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Did Rasputin contribute to the fall of tsarism (Nicholas ll)? I have to have 3 main...

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isleofman | Student, Grade 9 | eNotes Newbie

Posted April 5, 2008 at 9:09 AM via web

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Did Rasputin contribute to the fall of tsarism (Nicholas ll)?

I have to have 3 main points why he did or did not contribute to the fall of tsarism.

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bebeazn | Student, Grade 9 | eNotes Newbie

Posted April 5, 2008 at 2:22 PM (Answer #1)

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Well what i think is that they both kinda contributed to the fall of tsarism but like i would say rasputin didnt contribute because nicholas || had way more reasons then rasputin did. Like i have to write an essay on that subject too but like i dont know a direct answer for that. And now im still looking for a direct answer for that question too. This wasnt much help but i just wanted say what i though.

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linda-allen | High School Teacher | (Level 3) Senior Educator

Posted April 5, 2008 at 9:59 PM (Answer #2)

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Rasputin may have contributed to the anger of the people, which fueled the Russian Revolution, but he is not the main reason for the fall of the Romanov dynasty. The people had been growing more and more upset by the czar's oppressive rule.

It was not a good thing to be a peasant in Russia under the csars. They had few rights and barely kept their families alive. We ooh and ahh over the fabulous Faberge eggs that were created for the csar's pleasure, but forget that those eggs were paid for by the back-breaking work of the peasants. The csars had their yachts and their palaces and their toys, while the people had very little to eat. Alexandra's dependence on Rasputin was not approved of, but he did not cause the revolution. He was just another example of the monarchy's excesses.

The event that started the revolution is called Bloody Sunday. On January 9, 1905, thousands of peasants marched into the square in St. Petersburg to give the csar a petition for relief. Instead of listening to their pleas, Nicholas II ordered that the crowd be dispersed, which meant sending soldiers out to break up the crowd by shooting at them. The peasants were massacred; some say thousands were killed. No matter how people felt about Rasputin, it was Bloody Sunday that really started the revolution.

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jilllessa | High School Teacher | (Level 2) Associate Educator

Posted May 6, 2008 at 2:42 PM (Answer #3)

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While Rasputin in himself was not truly a cause of the Russian Revolution, he was a catalyst which helped ignite the revolution.  Despite the povery of the peasants and the problems facing Russia, Nicholas II could have probably held onto his throne if it were not for two facts:  The advent of World War I and the hemophaelia of his son and heir, Alexis.  The royal family felt that to maintain their power they had to keep Alexis' condition a secret.  this was most likely a mistake.  Many of the Russian people had resented Alexandra at the beginning of the marriage and the resentment continued as she frequently did not attend important state functions and seemed to shun the people at court.  She seemed to have little concern for her country.  This was not true, but because she was the main care giver for a sick child, he was first in her priorities.  If the people had known they may have been sympathetic and Rasputin would not have been a problem.   Most Russians assumed Rasputin had some hold on the Empress and controlled state decisions, but really he was there because he somehow helped Alexis.  He became a lightening rod for the resentment of the people against Alexandra.  The other main catalyst which sparked the Revolution was the devastation and death as well as the losses sustained by Russia in World War I.  The underlying economic and social causes were there, but these two factors sparked the flame.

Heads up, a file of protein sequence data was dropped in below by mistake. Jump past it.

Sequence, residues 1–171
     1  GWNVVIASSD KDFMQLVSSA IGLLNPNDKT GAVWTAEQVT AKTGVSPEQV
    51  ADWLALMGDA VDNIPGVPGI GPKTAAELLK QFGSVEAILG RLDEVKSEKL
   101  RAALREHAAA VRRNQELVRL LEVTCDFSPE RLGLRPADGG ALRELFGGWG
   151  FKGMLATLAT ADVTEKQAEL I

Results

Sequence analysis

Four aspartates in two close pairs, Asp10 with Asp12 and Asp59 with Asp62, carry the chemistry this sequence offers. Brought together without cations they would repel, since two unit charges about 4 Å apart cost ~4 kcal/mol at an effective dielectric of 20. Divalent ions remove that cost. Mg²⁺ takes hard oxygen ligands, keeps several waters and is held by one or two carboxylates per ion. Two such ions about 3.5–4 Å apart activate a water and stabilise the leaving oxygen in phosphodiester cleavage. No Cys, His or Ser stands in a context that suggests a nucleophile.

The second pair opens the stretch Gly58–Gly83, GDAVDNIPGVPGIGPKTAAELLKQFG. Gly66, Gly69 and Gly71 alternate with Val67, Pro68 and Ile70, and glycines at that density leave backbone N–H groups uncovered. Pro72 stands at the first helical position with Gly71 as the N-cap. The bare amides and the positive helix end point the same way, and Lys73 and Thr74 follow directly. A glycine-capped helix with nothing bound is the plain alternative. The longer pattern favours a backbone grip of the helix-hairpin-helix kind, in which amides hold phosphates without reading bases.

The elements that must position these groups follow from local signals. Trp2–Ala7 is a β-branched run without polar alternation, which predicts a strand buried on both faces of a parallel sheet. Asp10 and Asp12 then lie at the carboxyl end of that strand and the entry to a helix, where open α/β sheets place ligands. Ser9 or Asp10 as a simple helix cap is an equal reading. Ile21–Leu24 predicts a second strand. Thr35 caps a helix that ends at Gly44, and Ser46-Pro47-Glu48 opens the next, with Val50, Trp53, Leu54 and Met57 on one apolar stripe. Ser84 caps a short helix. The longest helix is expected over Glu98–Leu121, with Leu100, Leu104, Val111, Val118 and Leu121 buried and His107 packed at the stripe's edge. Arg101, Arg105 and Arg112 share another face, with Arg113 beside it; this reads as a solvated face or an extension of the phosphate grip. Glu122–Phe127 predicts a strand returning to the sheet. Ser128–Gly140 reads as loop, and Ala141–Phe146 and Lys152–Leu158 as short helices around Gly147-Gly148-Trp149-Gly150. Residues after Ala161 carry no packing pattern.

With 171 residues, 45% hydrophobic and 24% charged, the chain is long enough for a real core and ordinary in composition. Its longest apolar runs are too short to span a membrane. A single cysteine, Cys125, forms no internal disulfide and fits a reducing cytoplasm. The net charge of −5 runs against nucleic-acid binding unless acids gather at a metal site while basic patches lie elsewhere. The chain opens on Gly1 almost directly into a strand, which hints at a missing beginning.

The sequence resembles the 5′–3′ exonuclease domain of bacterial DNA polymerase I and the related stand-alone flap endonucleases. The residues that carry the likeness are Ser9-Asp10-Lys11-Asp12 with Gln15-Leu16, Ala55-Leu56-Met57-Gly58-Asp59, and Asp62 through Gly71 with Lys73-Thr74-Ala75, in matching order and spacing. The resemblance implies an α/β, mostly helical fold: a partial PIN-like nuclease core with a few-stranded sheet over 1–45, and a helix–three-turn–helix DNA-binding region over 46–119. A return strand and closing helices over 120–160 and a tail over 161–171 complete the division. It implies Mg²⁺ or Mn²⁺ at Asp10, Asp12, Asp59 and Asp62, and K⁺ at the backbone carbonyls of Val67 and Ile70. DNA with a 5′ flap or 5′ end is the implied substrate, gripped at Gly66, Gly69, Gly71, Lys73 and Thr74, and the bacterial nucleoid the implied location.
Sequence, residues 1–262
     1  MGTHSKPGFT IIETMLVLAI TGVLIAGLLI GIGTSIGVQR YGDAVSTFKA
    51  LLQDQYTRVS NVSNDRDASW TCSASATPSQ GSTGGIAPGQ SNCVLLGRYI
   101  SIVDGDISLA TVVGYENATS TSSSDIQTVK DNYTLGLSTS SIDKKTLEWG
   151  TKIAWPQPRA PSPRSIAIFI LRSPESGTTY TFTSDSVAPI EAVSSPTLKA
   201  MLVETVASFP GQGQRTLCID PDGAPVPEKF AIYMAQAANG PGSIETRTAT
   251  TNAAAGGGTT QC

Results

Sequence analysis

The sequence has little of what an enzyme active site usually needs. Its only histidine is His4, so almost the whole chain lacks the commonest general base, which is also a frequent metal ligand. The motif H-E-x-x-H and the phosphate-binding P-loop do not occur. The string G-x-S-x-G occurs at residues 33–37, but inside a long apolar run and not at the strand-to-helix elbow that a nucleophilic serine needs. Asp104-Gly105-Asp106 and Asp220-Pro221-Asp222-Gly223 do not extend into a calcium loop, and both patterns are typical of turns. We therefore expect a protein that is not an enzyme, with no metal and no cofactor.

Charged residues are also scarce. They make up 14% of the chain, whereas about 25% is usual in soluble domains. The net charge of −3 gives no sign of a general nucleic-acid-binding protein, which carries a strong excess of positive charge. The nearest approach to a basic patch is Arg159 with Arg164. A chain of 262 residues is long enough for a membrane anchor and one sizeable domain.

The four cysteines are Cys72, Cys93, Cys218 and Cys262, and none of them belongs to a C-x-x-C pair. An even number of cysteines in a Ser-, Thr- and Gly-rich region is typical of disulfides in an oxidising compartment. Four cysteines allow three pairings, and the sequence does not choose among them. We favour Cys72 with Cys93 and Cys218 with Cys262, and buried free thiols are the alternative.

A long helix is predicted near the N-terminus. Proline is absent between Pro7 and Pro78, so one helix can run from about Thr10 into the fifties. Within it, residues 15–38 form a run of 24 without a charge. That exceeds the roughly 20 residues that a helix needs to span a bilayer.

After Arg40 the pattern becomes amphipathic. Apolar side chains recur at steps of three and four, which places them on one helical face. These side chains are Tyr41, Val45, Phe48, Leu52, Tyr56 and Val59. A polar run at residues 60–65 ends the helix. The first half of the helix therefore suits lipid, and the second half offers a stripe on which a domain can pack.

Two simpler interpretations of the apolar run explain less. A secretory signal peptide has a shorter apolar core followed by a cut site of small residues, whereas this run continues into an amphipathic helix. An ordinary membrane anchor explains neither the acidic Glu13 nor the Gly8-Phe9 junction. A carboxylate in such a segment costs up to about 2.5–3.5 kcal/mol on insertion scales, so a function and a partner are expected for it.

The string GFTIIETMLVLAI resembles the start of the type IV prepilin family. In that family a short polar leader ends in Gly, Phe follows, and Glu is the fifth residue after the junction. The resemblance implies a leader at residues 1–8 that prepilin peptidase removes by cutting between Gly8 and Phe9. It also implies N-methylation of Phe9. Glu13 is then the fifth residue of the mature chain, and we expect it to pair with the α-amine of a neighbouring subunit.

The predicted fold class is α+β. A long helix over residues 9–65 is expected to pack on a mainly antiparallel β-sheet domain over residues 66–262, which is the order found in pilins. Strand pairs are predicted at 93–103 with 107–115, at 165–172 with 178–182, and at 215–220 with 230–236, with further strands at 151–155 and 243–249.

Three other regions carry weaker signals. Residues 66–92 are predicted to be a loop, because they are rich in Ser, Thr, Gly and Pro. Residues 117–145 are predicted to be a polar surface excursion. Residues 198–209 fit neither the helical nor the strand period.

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revolution | College Teacher | Valedictorian

Posted April 30, 2010 at 6:37 PM (Answer #4)

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Although Rasputin didn't play any significiant part , during the Russia Revolution, he was the main trigger that brought about widespread revolt before it and brought much pain and suffering. The other contributing factors are the start of the World War one, and the disease, Hemophilia, that had struck Tsar Nicholas II's son.

The disease was actually passed down to his son, by his wife Alexendra. The couple choose not to divulge the secret behing the son's condition, fearing serious complications if the truth was known. She turned to many Russian doctors and physicians but all their treatment failed, so she had to resort to desparate measures, turn to mystics and the holy men, and soon chanced upon Rasputin, who later healed her son.

The Russian people had already feel resentful about Alexendria as she never at all care about state matters, let at all attend any imporrtant functions, and usually shun the media and the public, always indoors, so people start having thoughts that Rasputin is controlling her life, making her neglect about the country's affairs, but in real life, she was at home attending to her sick kid, and Rasputin was actually the healer of the kid, so many laid the blame on Rasputin for politcally influencing her, thus leading to the collapse of the Tsar regime.

The other factor is the WWI. It lead to millions of dead and wounded, and cause hidden vegenance to break out among people, who condemned the Tsar for not surrendering earlier.

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